My practice revolves primarily around Celtic mythology, with one very important exception. The North American Trickster. I have felt a special connection to the Trickster since childhood and after living in the southwest for many years and learning more about him I have incorporated him into my practices.
The Celtic Gods and Goddesses don't seem to mind.
Many mythological systems include a trickster of some kind. The best known of the European mythologies is probably the Norse God Loki. In European lore the Trickster is often seen as an entity somehow linked to the heroic figures. Sometimes he assists, sometimes he hinders. He sometimes changes shape, changes gender or even takes on the appearance of one of the other Gods. His goals are often unknown and remain undiscovered.
North American spirituality ascribes a slightly different role to the Trickster. While he still sometimes opposes and sometimes aids in a quest or project, he is often more than he seems. The Trickster nearly always has a lesson to teach and it is best to heed his presence. He is included in nearly all ritual as a reminder that there are often secrets and untold meanings around us and we should not accept the world at face value.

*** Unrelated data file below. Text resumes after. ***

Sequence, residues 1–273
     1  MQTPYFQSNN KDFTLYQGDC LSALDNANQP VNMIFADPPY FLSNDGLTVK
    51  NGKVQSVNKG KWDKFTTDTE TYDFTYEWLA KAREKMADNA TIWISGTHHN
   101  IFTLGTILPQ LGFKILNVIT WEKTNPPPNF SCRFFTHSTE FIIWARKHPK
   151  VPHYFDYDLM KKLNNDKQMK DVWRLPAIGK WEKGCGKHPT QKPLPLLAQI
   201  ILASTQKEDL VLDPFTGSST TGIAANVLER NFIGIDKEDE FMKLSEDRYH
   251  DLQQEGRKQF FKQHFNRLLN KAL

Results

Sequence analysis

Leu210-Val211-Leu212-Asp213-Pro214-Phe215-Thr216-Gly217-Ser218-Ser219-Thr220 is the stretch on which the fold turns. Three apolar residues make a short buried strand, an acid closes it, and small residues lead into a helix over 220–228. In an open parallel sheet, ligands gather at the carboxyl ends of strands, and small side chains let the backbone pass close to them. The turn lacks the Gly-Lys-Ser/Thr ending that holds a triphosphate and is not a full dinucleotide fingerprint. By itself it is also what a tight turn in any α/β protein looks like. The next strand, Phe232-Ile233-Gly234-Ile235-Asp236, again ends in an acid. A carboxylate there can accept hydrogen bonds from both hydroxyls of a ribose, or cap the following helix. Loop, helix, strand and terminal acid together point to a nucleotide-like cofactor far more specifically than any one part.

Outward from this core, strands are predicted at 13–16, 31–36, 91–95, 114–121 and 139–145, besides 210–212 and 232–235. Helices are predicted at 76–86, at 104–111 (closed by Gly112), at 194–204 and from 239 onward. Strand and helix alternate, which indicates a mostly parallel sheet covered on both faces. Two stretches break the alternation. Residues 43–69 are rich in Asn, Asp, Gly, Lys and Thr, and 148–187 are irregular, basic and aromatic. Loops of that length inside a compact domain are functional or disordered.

The Creator will sometimes take on the persona of the Trickster in order to work more closely with humans. So when dealing with the Trickster it is impossible to know and unwise to question his true identity.
The Trickster is generally depicted as the Coyote, an animal with the ability to blend into its natural surroundings and come and go unseen.
A Shaman with the Coyote for a spirit guide is fortunate indeed, he has been blessed with the greatest teacher.
The Trickster reminds me to step back and look at the world with wide eyes instead of the narrow vision that we tend to develop. Secrets, hidden meanings, dangers and treasures often lurk in the shadows. If you let him, he will point them out and even assist in uncovering what they reveal.
In this depiction by Susan Seddon Boulet, the Coyote is stealing fire.